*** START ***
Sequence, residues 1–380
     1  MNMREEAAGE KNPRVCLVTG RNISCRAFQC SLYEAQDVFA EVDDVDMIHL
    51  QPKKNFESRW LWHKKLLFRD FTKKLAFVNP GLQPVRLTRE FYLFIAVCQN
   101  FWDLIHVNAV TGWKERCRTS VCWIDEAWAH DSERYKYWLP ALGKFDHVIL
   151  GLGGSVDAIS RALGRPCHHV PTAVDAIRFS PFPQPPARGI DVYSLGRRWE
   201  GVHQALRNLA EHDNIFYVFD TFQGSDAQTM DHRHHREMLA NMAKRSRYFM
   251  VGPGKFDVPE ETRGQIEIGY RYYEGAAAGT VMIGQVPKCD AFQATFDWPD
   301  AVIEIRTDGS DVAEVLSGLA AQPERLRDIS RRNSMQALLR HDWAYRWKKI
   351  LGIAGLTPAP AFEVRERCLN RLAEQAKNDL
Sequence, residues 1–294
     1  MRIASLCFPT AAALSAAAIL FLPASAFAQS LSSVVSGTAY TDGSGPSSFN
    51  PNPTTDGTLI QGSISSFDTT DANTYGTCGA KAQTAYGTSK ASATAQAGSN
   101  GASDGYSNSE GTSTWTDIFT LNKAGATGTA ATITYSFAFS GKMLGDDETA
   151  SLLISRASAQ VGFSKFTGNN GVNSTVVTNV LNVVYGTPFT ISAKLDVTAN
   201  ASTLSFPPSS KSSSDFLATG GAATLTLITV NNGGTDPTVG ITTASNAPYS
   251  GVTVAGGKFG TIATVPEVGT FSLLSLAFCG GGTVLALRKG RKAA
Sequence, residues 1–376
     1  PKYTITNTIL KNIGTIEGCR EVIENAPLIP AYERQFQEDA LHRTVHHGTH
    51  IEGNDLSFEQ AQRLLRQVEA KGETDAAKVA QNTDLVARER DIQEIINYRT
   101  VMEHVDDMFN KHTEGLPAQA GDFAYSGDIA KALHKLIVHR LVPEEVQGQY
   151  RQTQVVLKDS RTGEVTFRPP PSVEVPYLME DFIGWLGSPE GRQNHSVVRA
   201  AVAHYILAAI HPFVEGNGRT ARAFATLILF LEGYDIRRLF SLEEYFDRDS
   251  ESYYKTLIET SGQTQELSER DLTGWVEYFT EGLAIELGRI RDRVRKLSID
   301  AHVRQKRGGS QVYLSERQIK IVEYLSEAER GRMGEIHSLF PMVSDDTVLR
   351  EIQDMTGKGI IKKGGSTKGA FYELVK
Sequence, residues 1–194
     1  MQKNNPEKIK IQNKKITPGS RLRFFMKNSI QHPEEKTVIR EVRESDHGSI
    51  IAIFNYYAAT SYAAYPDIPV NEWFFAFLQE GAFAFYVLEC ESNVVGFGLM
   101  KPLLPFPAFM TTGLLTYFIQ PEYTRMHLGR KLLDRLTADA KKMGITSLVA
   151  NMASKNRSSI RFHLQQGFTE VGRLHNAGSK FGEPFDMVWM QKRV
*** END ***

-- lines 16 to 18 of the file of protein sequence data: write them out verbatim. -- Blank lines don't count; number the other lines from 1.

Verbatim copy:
   251  GVTVAGGKFG TIATVPEVGT FSLLSLAFCG GGTVLALRKG RKAA
Sequence, residues 1–376
     1  PKYTITNTIL KNIGTIEGCR EVIENAPLIP AYERQFQEDA LHRTVHHGTH